The Future of Travel
In a Time of War
THURSDAY, FEBRUARY 24, 2022 -- You cannot understand the future of travel if you do not understand the past. And it's critically important to understand that this is not 1914. Or 1938. It isn't 2014 or 2016 or 2019, either.

The incredibly reckless actions of the Russian thug Vladimir Putin this week will change the future of travel forever, but there is only so much we can learn about that future from what's gone on in the past.

A talking-head columnist 100 years from now may look upon Putin's invasion of Ukraine much as I assessed the assassination of Archduke Ferdinand. Humpty Dumpty couldn't put 1914 Europe back together again after that seismic event and Putin's attack may be looked upon the same way.

This isn't 1938, either. I urge you to ignore comparisons to Neville Chamberlain, the British Prime Minister who signed the disastrous Munich agreement with Hitler. Chamberlain was not a fool or a coward. He thought he was doing business with a ruthless, but essentially sane, dictator. His mistake was not understanding that Hitler craved war, not appeasement. A social progressive in deed and a conservative businessman by training, Chamberlain could not comprehend a beast whose only goal was chaos and death.

At this point, who's to say Putin hasn't gone round the mental bend, too? He's spent his post-KGB career pining to recreate the Soviet empire, but these are not the actions of a "savvy" (Trump's word) strongman. They are the actions of an untethered madman who seems intent on destroying the world order.

Most importantly, this isn't 2014. That's when Ukrainians threw off a Putin puppet during the Maidan Revolution. Putin reacted by invading Crimea. But that was a different kind of aggression. Crimea was never Ukrainian--it was grafted onto Ukraine by the Soviets in 1954--and was overwhelmingly Russian. Only about 15% of Crimea's residents were Ukrainian.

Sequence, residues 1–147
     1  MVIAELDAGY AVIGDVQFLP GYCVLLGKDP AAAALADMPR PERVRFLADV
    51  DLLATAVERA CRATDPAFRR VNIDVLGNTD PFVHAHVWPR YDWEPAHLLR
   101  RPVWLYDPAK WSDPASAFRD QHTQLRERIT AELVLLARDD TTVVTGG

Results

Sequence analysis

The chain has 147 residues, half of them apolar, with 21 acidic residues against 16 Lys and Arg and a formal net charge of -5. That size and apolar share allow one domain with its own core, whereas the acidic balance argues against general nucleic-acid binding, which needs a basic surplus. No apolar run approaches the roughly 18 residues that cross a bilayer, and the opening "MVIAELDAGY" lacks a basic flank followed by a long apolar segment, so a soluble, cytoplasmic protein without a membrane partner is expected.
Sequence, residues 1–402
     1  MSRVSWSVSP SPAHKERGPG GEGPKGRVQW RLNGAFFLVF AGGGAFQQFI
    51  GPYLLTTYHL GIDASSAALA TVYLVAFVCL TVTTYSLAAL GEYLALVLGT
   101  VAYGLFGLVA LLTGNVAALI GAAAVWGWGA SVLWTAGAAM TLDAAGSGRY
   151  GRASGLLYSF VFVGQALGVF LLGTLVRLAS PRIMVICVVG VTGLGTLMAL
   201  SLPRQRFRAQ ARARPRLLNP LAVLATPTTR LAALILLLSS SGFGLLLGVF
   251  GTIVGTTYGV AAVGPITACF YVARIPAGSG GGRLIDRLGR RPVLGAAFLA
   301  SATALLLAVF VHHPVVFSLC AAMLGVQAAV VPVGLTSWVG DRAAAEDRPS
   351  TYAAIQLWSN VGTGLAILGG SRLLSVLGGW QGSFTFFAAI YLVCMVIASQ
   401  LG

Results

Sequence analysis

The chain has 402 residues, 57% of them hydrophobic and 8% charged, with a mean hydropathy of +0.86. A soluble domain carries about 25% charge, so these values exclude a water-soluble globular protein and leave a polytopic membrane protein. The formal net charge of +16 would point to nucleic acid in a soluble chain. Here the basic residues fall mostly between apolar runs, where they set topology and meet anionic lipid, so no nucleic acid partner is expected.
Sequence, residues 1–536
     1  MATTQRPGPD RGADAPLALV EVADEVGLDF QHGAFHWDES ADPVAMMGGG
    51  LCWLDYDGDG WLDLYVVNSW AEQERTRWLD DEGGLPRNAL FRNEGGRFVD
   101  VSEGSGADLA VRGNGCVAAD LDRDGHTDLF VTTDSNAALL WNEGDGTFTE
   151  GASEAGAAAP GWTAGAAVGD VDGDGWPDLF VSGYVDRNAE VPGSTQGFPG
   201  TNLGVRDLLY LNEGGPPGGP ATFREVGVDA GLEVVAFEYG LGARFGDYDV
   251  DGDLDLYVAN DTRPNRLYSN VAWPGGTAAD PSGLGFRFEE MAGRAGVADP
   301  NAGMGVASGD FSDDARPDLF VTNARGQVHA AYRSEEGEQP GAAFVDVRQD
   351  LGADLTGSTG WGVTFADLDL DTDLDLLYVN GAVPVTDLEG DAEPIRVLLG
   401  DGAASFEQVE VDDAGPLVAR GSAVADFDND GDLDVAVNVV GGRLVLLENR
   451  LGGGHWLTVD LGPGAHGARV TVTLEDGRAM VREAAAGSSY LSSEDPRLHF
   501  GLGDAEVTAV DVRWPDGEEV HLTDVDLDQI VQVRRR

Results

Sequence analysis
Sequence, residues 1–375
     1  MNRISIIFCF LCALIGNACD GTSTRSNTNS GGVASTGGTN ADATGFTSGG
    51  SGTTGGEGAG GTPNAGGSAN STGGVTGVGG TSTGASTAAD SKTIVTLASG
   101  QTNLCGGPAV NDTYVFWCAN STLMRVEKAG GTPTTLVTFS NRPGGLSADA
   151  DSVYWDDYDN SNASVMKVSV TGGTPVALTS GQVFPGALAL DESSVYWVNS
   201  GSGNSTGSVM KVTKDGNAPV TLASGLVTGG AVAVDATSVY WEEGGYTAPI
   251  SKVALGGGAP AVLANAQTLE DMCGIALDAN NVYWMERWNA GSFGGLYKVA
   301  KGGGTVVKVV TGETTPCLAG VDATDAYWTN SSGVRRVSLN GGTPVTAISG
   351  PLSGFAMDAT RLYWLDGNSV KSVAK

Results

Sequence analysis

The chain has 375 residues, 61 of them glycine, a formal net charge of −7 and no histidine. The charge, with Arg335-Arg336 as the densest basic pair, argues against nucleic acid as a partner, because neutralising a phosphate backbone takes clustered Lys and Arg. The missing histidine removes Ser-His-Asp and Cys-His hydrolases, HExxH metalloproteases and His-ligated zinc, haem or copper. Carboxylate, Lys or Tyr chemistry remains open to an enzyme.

Should then-President Obama have concocted a more muscular response to Putin's Crimea campaign? Surely--and Obama will be forever stained for his Chamberlain-like stand. Still, Putin taking something from Ukraine that was never really Ukrainian seemed in 2014 like a bad reason to start World War III.

But the narcissistic bully Donald Trump magnified Obama's deadly miscalculations. Remember the timeline: In 2016, with the Republican nomination clinched, Trump made Paul Manafort his campaign chief. Manafort had been on the payroll of Viktor Yanukovych, the Putin puppet deposed during the Maidan Revolution. Manafort promptly rewrote the GOP platform to soften its support for the new Ukraine democracy. As President, Trump never missed an opportunity to denigrate NATO. In 2018, there was his toadying Helsinki performance when he publicly sided with Putin over the American security apparatus. In 2019, he withheld aid to Ukraine to shake down Ukraine's president, Volodymyr Zelensky, for dirt about Joe Biden. So it's no surprise that Trump called Putin a genius this week while the rest of the world condemned him.

Biden's performance? TBD, but he didn't exactly shatter the Russian economy with today's sanctions. Even Boris Johnson, the feckless British Prime Minister, seemed more determined.

What's all this mean for the future of travel? Defining a "new normal" is a fool's errand, but we can say some things for sure.

West Texas Crude touched $100 a barrel this morning and Brent Crude, which more closely tracks the price of jet fuel, reached $105 a barrel for the first time since 2014. (See the chronological parallel?) That will surely push the price of airline tickets higher since airlines never plan for triple-digit oil prices. Do not be shocked if you again encounter fuel surcharges, a familiar dodge since upcharges aren't subject to the airlines' federal tax burden.